Wolverhampton's Listed and Locally Buildings

The Foster Monument

Merridale Cemetery, Jeffcock Road

Listing: Monument to Joseph Foster (d.1861), Elizabeth Foster (d.1869) and A. F. C. Gough (d.1892). 1860s. Ashlar. Based on the choragic monument to Lysicrates.

Local listing: The whole cemetery.  Opened in 1850 and extended some time before 1889.  Good example of early private cemetery.  Unfortunately both chapels have been demolished but many interesting monuments and good structural planting survive.

Literature:  the excellent booklet: K. J. West, Merridale Heritage Trail, WMBC, 1981, gives much information about the cemetery and who is buried there, as well as about the wild life to be seen there.  But curiously it does not mention the Foster monument.


Comment: The Foster Monument is the one with columns at the back of the photo. If anyone is interested: a choragic monument is an ornamental base on which, in ancient Greece, was displayed a trophy won by a chorus (a kind of narrator in plays) in competition. The most famous one is that of Lysikrates in Athens. In UK the Victorians adopted its design for any commemorative purpose, especially as memorials for the dead. There is another very similar one in the gardens at Alton Towers.

This monument does something to perpetuate the memory of the Fosters but it seems to have been hijacked. Within the 6 ionic columns is a pedestal with a large urn on it, both inscribed in memory of A F C Gough who, one can only presume, had some connection with the Fosters. On the urn are the words: "Alexander Clement Foster Gough LL.D., died lst February 1892 aged 59 years". On the pedestal these words appear: "The above named A. C. F. Gough LL.D., (a solicitor) was Past Grand Standard-Bearer, England, and Provincial Grand Master of Staffordshire and held other important offices in Freemasonry. He was also formerly Colonel Commandant of the 3rd. Volunteer Battalion of the South Staffordshire Regiment". One wonders who decided to inscribe this modest statement on the Fosters' monument.

The cemetery contains much of interest. It was a private company cemetery, presumably created under the provisions of the Cemetery Clauses Act, 1847.  The company was empowered to provide a cemetery and funeral services as well - but this they never did, though they did at one time try to reserve to themselves the right to supply all headstones in the cemetery.  The company had 2,000 shares of £5.00 each and the promoters and first shareholders were local business men.  The nearby Pigstye Lane was renamed Cemetery Walk and later it became Jeffcock Road.  Work began in 1849 and the first burial took place on 12th June 1850.  It was of Ann Hutton, the wife of a forge manager.  The two chapels referred to in the local listing abutted each other near the centre of the cemetery.  One was Nonconformist, the other was Church of England.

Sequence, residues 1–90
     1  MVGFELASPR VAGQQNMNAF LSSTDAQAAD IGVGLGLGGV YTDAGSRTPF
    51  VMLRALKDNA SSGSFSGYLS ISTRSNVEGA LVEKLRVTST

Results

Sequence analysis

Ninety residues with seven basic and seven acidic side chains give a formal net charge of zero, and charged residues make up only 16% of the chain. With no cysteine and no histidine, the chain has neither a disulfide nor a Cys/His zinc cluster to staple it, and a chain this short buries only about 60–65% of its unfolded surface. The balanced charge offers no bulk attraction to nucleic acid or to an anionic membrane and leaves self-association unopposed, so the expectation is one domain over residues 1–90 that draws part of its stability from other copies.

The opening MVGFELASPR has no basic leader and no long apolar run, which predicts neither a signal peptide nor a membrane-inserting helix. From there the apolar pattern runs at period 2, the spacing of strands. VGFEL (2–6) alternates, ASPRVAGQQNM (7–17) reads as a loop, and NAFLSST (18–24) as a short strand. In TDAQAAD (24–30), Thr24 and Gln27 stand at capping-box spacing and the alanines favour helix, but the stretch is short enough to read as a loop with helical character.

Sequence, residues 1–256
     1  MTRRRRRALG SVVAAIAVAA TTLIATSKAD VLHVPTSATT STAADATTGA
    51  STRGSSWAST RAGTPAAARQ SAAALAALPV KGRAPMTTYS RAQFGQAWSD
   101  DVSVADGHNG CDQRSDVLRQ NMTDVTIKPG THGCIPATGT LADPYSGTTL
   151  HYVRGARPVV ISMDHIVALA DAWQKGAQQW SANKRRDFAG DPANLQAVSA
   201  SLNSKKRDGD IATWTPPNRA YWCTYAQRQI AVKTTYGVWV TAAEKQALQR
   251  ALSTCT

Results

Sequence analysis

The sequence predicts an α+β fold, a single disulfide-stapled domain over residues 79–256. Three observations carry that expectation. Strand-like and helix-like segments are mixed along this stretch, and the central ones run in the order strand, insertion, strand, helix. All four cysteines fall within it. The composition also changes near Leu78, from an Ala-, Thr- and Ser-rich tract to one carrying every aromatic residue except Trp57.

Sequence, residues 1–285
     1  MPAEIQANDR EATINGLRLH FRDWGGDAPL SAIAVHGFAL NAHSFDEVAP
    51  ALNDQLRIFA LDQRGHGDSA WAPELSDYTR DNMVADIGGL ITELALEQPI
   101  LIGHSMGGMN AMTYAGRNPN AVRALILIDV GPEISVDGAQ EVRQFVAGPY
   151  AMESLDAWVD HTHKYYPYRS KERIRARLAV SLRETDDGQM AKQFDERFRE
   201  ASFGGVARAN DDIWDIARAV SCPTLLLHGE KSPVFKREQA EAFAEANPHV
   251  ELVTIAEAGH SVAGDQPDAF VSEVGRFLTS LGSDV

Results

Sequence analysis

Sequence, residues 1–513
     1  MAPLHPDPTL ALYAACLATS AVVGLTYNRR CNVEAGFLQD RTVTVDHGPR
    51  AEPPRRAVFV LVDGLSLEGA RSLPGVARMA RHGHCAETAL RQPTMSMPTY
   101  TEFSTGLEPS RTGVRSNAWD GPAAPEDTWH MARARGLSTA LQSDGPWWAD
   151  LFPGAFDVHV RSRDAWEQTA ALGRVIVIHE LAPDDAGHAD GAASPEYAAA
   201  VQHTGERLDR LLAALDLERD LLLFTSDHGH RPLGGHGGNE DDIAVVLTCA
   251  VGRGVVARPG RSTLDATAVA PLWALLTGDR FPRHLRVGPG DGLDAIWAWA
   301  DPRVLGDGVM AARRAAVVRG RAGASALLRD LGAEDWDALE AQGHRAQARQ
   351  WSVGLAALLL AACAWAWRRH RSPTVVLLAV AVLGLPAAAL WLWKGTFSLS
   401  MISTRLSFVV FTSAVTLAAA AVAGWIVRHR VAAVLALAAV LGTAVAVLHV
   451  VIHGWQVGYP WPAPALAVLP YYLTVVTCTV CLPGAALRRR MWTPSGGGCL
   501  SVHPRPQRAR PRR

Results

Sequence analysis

With the closure of the disgustingly overcrowded graveyards of the town's churches this private company got an effective monopoly of burials in Wolverhampton.  The company paid a steady 10% dividend.  In 1903 the Labour members of the council started to press for a municipal cemetery and an attempt was made to buy the company's shares.  But the shareholders would have none of it and, after the council had received a soothing letter from the Chairman of Directors, Samuel Loveridge, they forgot about it.  The matter was revived much later and the council finally got control under the provisions of the Wolverhampton Corporation Act, 1936.  

The cemetery now has a much more open aspect than, say, north London's Highgate Cemetery, and much cleaner and brighter than many of its northern equivalents. In fact it's a nice place to walk in, with plenty of trees and grassy areas.